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JULIA WARD HOWE - AUTOGRAPH LETTER SIGNED 06/25/1887 - HFSID 43981

Howe handwrote, signed and dated this letter to Maria L. Chapin from Newport, Rhode Island in 1887, writing that she would hold a lecture at Chapin's club if it didn't conflict with another lecture date with a Mrs. Miriman.

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Reg. $700.00

Condition: fine condition
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JULIA WARD HOWE
Howe handwrote, signed and dated this letter to Maria L. Chapin from Newport, Rhode Island in 1887, writing that she would hold a lecture at Chapin's club if it didn't conflict with another lecture date with a Mrs. Miriman.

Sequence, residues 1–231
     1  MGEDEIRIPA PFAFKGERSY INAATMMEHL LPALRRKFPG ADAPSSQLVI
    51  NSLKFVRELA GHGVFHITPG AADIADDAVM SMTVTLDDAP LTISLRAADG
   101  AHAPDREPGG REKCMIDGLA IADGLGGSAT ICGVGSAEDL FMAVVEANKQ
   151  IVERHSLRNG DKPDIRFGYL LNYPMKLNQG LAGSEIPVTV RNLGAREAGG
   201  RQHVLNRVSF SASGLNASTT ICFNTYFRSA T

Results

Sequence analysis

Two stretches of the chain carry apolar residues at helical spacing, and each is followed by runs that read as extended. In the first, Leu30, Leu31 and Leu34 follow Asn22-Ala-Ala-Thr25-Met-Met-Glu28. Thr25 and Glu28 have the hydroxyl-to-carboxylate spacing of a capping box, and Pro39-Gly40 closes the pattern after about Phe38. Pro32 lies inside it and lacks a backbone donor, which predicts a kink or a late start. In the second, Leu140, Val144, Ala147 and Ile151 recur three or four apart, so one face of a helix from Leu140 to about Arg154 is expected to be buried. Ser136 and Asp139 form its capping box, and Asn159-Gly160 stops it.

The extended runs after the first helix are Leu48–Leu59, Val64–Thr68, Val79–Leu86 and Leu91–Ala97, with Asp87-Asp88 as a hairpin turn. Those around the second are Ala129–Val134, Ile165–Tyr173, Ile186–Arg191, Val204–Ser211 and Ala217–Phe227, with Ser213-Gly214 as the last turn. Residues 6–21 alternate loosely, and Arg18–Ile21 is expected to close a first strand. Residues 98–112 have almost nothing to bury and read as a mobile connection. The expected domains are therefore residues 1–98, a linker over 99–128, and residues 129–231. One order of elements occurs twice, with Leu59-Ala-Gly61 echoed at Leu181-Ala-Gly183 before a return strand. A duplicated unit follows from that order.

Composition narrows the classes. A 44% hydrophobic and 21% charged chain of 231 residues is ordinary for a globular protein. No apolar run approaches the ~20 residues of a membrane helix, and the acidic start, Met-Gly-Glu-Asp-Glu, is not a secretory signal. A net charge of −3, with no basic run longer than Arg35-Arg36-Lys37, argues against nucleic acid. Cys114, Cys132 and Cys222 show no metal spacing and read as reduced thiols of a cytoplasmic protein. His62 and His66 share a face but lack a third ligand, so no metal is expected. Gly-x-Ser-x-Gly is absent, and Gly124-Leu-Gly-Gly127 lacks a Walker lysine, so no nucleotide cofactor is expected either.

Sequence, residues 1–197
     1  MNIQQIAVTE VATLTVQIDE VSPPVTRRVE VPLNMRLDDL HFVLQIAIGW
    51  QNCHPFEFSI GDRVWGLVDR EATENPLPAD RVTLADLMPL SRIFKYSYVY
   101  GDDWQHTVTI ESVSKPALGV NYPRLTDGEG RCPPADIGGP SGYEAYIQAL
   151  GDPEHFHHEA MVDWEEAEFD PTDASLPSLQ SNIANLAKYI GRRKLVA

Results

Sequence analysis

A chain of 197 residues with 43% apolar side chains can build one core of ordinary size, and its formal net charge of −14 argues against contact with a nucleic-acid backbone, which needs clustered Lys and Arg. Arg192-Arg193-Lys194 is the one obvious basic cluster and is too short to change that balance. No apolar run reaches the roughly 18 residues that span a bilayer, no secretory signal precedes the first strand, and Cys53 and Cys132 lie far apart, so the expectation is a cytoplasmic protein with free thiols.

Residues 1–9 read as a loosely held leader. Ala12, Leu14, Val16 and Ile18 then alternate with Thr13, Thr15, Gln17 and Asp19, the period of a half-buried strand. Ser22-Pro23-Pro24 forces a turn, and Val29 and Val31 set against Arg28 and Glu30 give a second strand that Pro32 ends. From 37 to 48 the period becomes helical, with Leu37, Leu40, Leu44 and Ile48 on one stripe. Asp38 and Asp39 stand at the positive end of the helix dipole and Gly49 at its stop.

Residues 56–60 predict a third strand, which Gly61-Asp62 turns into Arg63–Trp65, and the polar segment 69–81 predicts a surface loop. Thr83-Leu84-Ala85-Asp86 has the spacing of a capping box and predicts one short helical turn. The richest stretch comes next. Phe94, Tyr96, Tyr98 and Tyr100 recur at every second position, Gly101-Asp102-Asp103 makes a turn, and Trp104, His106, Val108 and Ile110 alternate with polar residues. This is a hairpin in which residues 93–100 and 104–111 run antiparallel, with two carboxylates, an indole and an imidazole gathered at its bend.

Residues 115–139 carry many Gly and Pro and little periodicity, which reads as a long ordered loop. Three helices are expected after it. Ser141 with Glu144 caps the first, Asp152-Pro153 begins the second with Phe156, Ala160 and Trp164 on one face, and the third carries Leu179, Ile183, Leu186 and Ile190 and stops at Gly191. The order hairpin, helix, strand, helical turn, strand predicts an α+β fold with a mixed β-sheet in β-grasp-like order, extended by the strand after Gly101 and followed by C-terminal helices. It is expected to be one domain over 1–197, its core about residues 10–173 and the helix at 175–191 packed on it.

Autograph letter signed "Julia Ward Howe". 3 pages, 4¾x8 ruled paper, 1 page folded, front and verso, with embossing of a capital building and "Congress" in upper left corner. Newport, Rhode Island, June 25, 1887. Addressed to Mrs. Maria L. Chapin. In full: "My dear madam: In reply to your kind letter, I will say that I am already engaged by Mrs Miriman for a lecture in Melrose, of which, so far as I know, the date has not been fixed. I shall be quite willing to speak to your club, but should wish to know, before 'saying when', the date of my other lecture in Melrose, as it would not be best, per-haps, to have them occur in near proximity of time, and Mrs Miri-man has the first choice. If it would not interfere with her wishes and ar-rangements, I would come to you on December 1st. Will you kindly communi-cate with her and ascer-tain this for our common guidance. Your's truly". Howe (1819-1910, born in New York City), a social reformer and poet, is best known for writing the poem The Battle Hymn of the Republic, which she was inspired to write after visiting army camps in Washington, D.C. during the Civil War. Howe's poem, first published in the February 1862 issue of The Atlantic Monthly, was later set to music to the tune of the popular antislavery song John Brown's Body and became the unofficial song of the Union Army. Howe later turned her fervor against slavery into a crusade for women's rights. She was a co-founder (1868) and first President of the New England Woman's Suffrage Association, co-led (with Lucy Stone) the American Woman Suffrage Association (1869) and founded the Women's International Peace Association (1871). In 1870, Howe assisted Stone and her husband, Henry Blackwell, to establish the Woman's Journal, and served as an editor and writer for the publication for 20 years. Howe, who also wrote poems for other women's journals and founded the Boston Authors Club, was the first woman elected to the American Academy of Arts and Letters (1908). Lightly toned, soiled and creased. Handwriting but not signature is lightly spotted and smeared in places but legible. Folded twice and unfolded. Lightly torn along right edges at folds. Pinholed on spine at folds. Otherwise in fine condition.

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